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German has for more than 1000 years been in contact with West Slavic languages, notably Polish and Czech. This is highly likely to have led to borrowing or interference between these languages, in both directions. It seems that discussion of this is usually restricted to influence from German on Polish and Czech. For example, the Polish dialect spoken in the Poznań region is reported to be heavily influenced by German. There is also a great number of German loanwords in Polish, such as malować from G. malen (both to paint).

I'm interested in influence in the opposite direction, from Polish and/or Czech to German (standard or other dialects), particularly on pronunciation. There is a Euromosaic study alluding to some influence of Polish on Silesian and East Prussian dialects, but it doesn't give any details or sources.

Possible influence

The rounded vowels /y/ and /ø/ are realised as /i/ and /e/ in the Saxon dialect and used to be pronounced this way in Silesian and East Prussian dialects of German:

  • 'Kühe' as 'Kihe', 'Süden' as 'Siden'
  • 'Höhle' as 'Hehle'

This is, incidentally, also the way many learners of German with Polish as first language pronounce these vowels. These rounded vowels do not exist in Polish.

The Slavic influence on some German dialects might have occurred as early as the 10th c. as this is the time German eastward expansion into (not only) Slavic territory started. The relevant Wikipedia article states that old and new population frequently mixed, so there were many opportunities for contact between people.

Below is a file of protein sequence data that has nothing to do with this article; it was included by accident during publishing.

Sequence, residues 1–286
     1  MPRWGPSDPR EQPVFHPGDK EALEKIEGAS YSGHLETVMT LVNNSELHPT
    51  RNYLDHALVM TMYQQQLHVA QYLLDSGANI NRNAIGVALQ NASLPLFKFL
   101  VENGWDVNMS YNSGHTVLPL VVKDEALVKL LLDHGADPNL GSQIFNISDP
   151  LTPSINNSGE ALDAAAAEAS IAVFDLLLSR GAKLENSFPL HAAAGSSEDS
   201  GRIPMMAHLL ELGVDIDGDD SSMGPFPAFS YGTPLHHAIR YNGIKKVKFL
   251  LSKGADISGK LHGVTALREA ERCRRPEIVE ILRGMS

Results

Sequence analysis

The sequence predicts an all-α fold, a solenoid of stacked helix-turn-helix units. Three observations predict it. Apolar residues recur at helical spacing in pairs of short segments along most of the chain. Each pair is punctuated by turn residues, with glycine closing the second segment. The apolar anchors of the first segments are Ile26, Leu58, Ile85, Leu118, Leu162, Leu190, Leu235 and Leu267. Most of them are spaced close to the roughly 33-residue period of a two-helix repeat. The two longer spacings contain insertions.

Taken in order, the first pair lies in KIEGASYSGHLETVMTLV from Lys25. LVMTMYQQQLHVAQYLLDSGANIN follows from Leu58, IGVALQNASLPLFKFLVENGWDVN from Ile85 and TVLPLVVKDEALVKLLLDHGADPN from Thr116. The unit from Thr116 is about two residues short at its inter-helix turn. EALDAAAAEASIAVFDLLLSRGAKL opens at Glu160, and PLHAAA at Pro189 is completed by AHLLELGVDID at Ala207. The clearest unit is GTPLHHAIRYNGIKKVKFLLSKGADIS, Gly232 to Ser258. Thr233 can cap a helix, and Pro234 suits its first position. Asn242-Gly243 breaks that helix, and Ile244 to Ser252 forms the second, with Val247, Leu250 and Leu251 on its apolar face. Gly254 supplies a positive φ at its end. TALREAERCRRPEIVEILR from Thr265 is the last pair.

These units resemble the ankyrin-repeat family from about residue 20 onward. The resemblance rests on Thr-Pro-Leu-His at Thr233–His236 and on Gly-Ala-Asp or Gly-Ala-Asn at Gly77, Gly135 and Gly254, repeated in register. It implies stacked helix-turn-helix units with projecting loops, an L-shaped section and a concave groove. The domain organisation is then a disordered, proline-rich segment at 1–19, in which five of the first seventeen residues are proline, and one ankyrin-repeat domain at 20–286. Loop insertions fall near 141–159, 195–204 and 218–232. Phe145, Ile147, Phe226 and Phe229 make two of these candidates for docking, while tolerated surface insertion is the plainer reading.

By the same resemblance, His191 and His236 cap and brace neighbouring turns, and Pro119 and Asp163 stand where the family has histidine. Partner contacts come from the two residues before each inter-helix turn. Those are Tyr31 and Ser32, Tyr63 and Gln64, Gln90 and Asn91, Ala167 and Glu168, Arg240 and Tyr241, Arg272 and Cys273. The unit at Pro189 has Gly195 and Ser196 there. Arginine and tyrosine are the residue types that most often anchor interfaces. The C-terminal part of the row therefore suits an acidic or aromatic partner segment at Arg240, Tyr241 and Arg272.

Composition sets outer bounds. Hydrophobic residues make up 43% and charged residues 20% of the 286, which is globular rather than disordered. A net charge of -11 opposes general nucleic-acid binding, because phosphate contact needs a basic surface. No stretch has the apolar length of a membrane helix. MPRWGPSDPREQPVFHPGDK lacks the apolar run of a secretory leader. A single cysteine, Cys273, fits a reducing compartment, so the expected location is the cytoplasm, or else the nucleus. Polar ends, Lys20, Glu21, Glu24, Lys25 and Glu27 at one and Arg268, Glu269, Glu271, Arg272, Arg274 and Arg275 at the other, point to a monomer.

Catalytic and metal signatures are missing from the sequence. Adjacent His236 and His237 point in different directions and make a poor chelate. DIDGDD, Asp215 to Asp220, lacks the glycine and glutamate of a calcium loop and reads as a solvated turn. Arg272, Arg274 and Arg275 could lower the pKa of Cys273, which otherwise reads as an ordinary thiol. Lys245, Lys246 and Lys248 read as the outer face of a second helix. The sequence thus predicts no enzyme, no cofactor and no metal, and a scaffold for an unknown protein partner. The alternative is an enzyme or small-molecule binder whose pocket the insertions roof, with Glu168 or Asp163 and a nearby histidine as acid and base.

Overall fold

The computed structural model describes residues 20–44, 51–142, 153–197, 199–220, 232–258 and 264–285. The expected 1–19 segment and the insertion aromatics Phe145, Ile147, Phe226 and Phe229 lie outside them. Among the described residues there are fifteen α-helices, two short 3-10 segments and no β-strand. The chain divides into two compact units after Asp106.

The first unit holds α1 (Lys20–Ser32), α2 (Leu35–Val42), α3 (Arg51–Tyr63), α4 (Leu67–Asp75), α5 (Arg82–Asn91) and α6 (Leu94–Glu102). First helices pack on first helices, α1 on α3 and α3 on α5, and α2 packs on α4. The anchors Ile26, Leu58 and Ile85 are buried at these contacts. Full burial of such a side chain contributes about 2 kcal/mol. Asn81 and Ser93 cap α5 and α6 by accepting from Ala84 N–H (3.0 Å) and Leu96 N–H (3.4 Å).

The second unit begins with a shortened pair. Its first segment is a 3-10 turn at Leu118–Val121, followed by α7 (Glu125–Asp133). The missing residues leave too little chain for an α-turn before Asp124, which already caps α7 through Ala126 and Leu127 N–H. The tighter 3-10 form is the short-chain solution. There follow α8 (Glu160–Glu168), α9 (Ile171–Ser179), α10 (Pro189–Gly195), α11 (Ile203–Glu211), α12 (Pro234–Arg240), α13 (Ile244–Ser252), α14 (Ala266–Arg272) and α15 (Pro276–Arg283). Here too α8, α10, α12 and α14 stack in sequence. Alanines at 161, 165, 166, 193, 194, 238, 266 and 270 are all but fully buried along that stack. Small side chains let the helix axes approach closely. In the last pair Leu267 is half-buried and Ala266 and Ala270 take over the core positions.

The following Wikipedia map shows the time frame for different regions: Wikipedia map on time frame of German eastward expansion

Q: Can anybody confirm Polish influence on (East) German dialects, in general and in particular for these vowels?

Influence of Polish on varieties of German spoken in the Ruhr region has been documented, but this influence was more restricted in time. There was Polish migration to the Ruhr region in western Germany in the 19th c., and influence also seems to be restricted to some lexical items.

  • Most of the influence is to be expected from the Slavic that used to be spoken in present-day Germany (Sorbian). Bremen (west of Hamburg, off your map!) started out as a Slavic name. – reinierpost Sep 12 '16 at 15:14
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Areal features are often under-appreciated, especially the more subtle structural and semantic ones, as opposed to the more superficial lexical and phonological ones.

And the contact between Slavic and Germanic was certainly significant, and started before the written record, which therefore makes it difficult to fully understand.

And there are more commonalities between Slavic and German phonology than chance alone would yield.

But the concrete example you give is provably not an example of Slavic influence on German.

'Kühe' as 'Kihe', 'Süden' as 'Siden', 'Höhle' as 'Hehle'

This phenomenon, Entrundung, is widespread in the Southwest too, including Alsatian in France, far away from Slavic influence. Quoting Wikipedia: Im Deutschen gilt Entrundung der mittelhochdeutschen Umlaute „ö“, „ü“ und „eu/äu“ zu „e“, „i“ und „ai“ in den meisten Dialekten des Oberdeutschen und des Mitteldeutschen.